So Didier Drogba is back in the blue of Chelsea.
It’s difficult not to get wrapped up in the sentimentality of it all – after all, the man is a Blues legend and a thoroughly nice chap to boot.
Let us consider, for a moment, the man’s contribution to Chelsea’s glory years from 2004 to 2012.
Three Premier League titles. Four FA Cup winners medals. Two League Cup winners medals. Two FA Community Shield winners medals. A Champions League winners medal.
But what many people won’t know about is his humanitarian work in trying to bring peace to his Ivory Coast home.
Now this does start to sound like an episode of This is your life, but....
Through his high profile and a mutual love of football, the striker did much to get the fighting factions of a long-running civil war to lay down their arms.
The United Nations were impressed and made him a goodwill ambassador in 2007, and in 2011 he joined the Truth, Reconcilliation and Dialogue Commission to further peace in his African home.
In 2009 he donated his £3m fee for endorsing Pepsi to the construction of a new hospital in his hometown of Abidjan.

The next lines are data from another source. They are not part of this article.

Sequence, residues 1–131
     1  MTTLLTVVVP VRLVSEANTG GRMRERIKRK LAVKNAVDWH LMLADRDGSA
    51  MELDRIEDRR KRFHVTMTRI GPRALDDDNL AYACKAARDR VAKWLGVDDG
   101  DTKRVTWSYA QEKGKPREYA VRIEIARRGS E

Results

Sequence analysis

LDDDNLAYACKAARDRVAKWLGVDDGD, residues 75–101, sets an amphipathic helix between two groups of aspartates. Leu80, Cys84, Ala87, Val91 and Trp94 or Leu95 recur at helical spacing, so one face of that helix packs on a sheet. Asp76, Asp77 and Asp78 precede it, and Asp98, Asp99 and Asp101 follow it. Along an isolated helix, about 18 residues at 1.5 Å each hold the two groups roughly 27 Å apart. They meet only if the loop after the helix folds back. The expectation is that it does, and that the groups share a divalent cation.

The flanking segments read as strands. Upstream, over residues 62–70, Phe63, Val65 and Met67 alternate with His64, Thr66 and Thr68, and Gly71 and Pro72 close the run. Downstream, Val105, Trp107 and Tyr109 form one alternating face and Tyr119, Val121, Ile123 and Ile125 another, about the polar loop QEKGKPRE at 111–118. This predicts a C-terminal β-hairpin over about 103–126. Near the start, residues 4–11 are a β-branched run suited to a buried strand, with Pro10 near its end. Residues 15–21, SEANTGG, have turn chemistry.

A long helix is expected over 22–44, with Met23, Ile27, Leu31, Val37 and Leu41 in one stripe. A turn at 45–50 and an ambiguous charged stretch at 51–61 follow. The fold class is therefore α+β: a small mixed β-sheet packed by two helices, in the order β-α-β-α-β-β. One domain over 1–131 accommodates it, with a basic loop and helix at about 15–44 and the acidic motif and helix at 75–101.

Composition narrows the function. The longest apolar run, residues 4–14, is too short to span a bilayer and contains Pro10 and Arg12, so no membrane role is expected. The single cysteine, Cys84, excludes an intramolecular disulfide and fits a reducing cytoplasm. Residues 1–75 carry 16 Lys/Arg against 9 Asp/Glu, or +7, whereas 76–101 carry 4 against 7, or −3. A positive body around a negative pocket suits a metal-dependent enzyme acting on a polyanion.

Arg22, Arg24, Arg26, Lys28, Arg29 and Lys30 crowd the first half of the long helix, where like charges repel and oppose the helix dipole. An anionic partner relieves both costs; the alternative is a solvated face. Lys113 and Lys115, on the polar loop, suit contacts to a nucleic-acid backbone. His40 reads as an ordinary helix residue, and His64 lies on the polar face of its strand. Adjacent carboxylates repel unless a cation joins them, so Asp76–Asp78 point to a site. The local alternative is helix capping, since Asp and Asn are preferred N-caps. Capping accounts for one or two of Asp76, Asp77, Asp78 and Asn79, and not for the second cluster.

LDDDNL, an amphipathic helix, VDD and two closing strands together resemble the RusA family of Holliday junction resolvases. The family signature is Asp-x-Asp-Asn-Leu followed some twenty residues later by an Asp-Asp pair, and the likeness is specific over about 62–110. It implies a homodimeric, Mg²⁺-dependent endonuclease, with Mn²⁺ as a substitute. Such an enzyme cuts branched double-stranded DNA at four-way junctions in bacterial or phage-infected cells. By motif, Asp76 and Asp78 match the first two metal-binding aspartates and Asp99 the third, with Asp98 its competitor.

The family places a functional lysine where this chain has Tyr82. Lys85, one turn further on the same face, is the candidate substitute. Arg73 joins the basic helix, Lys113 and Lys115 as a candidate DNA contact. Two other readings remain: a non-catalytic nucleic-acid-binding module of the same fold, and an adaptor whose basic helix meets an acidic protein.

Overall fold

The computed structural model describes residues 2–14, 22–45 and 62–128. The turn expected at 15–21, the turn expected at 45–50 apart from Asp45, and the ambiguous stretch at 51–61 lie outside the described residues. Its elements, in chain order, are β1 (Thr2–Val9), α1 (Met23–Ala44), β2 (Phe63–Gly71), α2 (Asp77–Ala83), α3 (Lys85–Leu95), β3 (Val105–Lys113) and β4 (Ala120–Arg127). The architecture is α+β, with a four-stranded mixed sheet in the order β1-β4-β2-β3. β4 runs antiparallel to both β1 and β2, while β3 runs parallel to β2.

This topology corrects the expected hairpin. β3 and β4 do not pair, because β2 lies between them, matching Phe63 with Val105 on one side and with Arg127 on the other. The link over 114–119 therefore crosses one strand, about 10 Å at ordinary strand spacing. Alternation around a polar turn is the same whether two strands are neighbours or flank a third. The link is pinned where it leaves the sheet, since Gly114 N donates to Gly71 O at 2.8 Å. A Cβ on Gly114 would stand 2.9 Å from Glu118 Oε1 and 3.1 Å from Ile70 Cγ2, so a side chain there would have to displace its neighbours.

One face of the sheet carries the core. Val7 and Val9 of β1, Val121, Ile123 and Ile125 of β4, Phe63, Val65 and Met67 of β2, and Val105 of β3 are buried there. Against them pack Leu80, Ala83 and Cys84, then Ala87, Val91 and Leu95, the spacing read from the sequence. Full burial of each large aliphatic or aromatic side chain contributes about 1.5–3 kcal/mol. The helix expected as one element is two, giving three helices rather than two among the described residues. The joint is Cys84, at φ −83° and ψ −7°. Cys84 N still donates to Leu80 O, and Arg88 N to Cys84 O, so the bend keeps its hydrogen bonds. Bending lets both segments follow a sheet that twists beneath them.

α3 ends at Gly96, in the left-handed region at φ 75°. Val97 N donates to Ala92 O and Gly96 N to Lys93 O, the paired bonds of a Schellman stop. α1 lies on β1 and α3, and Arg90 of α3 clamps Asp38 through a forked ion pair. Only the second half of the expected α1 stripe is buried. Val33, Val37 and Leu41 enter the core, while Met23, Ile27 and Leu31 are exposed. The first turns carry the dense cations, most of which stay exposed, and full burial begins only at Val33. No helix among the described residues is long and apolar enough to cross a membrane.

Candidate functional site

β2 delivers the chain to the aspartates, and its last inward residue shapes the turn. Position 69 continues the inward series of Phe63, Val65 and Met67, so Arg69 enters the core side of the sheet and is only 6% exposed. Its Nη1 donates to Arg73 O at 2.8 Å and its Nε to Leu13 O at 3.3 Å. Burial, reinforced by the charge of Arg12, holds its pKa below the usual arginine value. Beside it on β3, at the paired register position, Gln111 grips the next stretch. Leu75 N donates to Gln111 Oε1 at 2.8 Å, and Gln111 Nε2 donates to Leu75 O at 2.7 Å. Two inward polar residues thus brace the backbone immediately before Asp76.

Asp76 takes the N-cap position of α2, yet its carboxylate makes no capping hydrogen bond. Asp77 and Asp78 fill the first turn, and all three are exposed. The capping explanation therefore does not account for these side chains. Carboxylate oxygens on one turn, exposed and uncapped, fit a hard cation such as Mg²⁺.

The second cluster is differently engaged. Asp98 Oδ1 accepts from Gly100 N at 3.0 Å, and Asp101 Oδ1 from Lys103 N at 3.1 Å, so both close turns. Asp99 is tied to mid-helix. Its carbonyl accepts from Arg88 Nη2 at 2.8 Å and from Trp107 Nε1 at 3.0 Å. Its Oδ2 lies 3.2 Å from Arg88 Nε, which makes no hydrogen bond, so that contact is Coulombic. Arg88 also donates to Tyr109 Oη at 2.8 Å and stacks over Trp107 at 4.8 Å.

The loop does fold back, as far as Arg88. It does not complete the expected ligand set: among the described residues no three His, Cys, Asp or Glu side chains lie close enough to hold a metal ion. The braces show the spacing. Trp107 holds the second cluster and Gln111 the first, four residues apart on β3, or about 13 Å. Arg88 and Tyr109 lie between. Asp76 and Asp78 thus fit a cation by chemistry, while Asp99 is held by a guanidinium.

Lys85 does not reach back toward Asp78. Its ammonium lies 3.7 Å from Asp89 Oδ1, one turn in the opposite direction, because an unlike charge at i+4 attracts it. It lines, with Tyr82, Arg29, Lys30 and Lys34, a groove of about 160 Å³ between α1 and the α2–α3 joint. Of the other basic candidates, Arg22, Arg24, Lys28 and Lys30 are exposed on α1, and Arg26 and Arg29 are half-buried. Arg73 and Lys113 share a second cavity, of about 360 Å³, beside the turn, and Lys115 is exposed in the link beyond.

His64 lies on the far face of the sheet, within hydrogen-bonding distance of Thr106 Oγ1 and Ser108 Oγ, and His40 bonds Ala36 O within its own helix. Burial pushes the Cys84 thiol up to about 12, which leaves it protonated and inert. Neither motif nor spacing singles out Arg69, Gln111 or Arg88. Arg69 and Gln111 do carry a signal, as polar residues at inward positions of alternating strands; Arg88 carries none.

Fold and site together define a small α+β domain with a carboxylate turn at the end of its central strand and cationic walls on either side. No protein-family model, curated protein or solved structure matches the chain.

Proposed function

The club where he started out, Levallois Sporting Club, have used their percentage of his signing on fees to a) save the club and b) improve the stadium – now called Stade Didier Drogba.
It is almost sickening how much this guy has been able to do while banging in 157 goals in 275 first team Chelsea appearances.
It’s a side to his life we should respect and recognise.
However, if we’re honest, there is one man who probably doesn’t give a proverbial about Drogba’s good work.
And if Fernando Torres reckons he will be allowed to miss chances like he did in the 2-1 win at Olimpija Ljubljana on Sunday without Drogba breathing down his neck, he is sorely mistaken.
Even Drogba’s not that charitable.
Tim Harrison is on holiday.